Hairdressers, Parades and Weddings: Mobilizing to Generate Demand for Family Planning in Nigeria
Nigerian women have an average of six children over the course of their lifetime and the national population—already the largest in Africa—is expected to double within 25 years.
Poor access to and under-utilization of modern family planning methods contributes to high death rates among mothers and children across the country. Nigeria had a thriving family planning program in the 1980’s and early 90’s. However, changes in donor priorities and funding caused a 15-year decline in promotion efforts, and trends in fertility, contraceptive use stagnated. In 2009, with contraceptive prevalence at only 10 percent and a total fertility rate of 5.7, there was a pressing need to reinvigorate family planning efforts at the national, state and city levels.
The Nigerian Urban Reproductive Health Initiative (NURHI), a five-year (2009 ‐2014) project funded by the Bill and Melinda Gates Foundation, aimed to increase the use of modern Family Planning methods among the urban poor in the six cities of Abuja FCT, Ibadan, Kaduna, Ilorin, Benin City and Zaria by at least 20 percentage points.
To generate demand for Family Planning services, NURHI’s ‘Get-It-Together’ campaign had three main approaches:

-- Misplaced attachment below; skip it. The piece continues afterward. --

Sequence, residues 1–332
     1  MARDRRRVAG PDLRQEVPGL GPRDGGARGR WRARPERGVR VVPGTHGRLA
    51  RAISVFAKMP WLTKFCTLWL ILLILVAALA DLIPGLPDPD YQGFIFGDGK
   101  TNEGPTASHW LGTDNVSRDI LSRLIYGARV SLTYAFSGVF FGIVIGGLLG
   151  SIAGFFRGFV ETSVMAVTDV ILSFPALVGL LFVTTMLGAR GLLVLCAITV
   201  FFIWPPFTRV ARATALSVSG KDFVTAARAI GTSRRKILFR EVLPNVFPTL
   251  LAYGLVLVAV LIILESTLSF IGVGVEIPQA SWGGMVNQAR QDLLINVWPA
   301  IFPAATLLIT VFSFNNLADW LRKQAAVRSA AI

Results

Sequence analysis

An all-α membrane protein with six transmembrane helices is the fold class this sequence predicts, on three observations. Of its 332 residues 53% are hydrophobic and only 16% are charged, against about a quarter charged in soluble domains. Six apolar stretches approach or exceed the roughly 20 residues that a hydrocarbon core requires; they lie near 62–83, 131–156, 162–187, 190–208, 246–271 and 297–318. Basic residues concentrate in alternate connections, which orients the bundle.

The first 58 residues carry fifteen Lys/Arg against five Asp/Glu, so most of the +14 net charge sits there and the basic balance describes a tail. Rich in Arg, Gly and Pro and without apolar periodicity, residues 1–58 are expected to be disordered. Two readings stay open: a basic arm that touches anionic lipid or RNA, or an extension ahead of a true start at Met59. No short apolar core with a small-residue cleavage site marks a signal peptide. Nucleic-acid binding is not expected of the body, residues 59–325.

- A branded multi-channel campaign encompassing radio, TV behavioral change communication materials and social mobilization materials in each of the NURHI cities
- A popular radio program with drama and live call-ins, tailored to each city’s context and predominant language
- Community level Family Planning promotion activities and referrals for Family Planning services by teams of youth urban social mobilizers
The foundation of the NURHI Demand Generation Strategy was enhanced interpersonal communication about Family Planning during clients/ service provider worker interactions, between spouses, and during association/trade groups meetings, neighborhood campaigns and social events led by teams of NURHI social mobilizers.
Social mobilization activities engage young men and women age 18 to 35 years as potential family planning clients who also mobilize other potential clients to use Family Planning services.
Learn more about this unique program in the latest Health COMpass Spotlight, which describes the NURHI urban mobilization implementation process.
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